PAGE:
Nigeria to Use IMF Reserve Boost to Fund Next Year’s Budget
(Bloomberg) -- A reserve boost from the International Monetary Fund will help Nigeria reduce next year’s spending shortfall, according to the country’s finance minister.
Africa’s biggest economy, which received an IMF allocation of $3.35 billion in reserve assets - known as special drawing rights - plans to use the funds to reduce a budget deficit that’s set to exceed a legal limit, Finance Minister Zainab Ahmed told reporters Friday in the capital, Abuja.
“We’re taking the IMF SDRs as part of the financing for the 2022 budget,” she said. “That may mean that we don’t have to borrow externally next year.”
The government still needs to negotiate the terms at which it plans to borrow the IMF funds from the central bank, said Ahmed, who didn’t specify how much of the reserves the government would use.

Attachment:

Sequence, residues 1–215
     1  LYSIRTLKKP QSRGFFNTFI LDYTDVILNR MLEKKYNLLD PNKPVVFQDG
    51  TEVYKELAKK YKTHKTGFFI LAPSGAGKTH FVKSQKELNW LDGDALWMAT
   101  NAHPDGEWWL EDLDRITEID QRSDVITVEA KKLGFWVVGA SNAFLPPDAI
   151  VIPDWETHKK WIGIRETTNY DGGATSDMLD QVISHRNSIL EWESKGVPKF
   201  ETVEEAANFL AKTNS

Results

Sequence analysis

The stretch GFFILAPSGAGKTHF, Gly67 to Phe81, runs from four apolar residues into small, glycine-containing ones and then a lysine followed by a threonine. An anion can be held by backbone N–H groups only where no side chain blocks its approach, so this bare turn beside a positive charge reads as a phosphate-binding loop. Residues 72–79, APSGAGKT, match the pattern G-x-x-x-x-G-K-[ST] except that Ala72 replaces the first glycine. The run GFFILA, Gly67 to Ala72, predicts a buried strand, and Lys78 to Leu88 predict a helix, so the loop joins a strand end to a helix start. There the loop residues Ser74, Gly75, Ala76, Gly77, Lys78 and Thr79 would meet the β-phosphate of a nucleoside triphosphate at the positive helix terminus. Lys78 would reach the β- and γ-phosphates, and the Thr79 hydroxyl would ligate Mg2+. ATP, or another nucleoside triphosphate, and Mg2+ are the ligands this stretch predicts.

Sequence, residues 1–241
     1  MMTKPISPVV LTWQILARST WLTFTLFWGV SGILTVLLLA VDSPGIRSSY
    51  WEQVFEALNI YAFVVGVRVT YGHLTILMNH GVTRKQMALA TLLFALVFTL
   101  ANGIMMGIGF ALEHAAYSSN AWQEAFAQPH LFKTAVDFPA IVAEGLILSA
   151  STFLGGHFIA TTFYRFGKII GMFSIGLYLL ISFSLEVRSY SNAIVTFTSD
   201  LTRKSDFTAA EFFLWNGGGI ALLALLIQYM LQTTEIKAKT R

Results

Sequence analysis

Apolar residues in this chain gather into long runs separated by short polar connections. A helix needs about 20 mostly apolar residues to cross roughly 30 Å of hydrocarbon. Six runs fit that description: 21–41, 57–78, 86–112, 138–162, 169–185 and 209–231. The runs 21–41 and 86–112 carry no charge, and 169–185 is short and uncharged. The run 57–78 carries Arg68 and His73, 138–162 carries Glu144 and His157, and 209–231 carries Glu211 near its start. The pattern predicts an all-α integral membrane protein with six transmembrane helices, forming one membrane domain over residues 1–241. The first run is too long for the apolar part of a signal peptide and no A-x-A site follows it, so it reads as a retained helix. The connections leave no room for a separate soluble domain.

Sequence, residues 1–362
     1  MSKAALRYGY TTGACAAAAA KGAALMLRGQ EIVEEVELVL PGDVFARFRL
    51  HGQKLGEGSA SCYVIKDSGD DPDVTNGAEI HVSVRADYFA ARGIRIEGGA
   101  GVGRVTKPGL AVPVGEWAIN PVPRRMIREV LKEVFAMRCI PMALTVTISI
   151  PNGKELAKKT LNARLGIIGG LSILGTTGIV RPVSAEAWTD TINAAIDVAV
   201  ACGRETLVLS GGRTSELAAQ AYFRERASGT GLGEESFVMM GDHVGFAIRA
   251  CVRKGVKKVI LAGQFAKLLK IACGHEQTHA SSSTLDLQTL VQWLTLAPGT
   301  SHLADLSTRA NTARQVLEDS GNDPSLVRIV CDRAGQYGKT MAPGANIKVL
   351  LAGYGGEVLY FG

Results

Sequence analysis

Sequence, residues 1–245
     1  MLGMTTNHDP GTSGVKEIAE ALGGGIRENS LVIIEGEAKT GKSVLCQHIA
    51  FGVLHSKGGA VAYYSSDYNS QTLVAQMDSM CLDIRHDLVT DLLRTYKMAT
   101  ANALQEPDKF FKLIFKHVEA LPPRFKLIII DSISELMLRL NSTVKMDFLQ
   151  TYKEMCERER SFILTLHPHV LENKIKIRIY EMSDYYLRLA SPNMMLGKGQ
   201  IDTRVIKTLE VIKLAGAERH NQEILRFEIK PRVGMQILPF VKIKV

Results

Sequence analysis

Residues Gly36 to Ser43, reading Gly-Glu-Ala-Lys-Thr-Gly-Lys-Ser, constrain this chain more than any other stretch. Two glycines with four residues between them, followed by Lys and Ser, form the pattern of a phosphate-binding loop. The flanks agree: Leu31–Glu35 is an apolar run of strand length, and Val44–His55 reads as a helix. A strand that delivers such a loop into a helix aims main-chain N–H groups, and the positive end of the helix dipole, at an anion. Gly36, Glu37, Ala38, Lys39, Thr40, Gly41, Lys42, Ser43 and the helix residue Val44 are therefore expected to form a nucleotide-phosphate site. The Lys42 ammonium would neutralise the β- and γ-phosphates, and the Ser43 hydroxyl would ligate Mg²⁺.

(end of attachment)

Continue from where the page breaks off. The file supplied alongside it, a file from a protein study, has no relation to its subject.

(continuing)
Nigeria, which tapped international markets last month for the first time since 2018, raising $4 billion, plans to spend 16.4 trillion naira ($39.7 billion) next year, or 18% more than initially proposed. The spending increase is set to widen the budget deficit to 6.3 trillion naira, or 3.4% of GDP, exceeding a legal threshold of 3% stipulated in Nigeria’s fiscal responsibility law.
It’s still unclear if the IMF’s boost will help Nigeria avoid external borrowing altogether in 2022.
“That may be a possibility, but it’s too early to say,” Patience Oniha, the director-general of the Debt Management Office, said in a response to questions.
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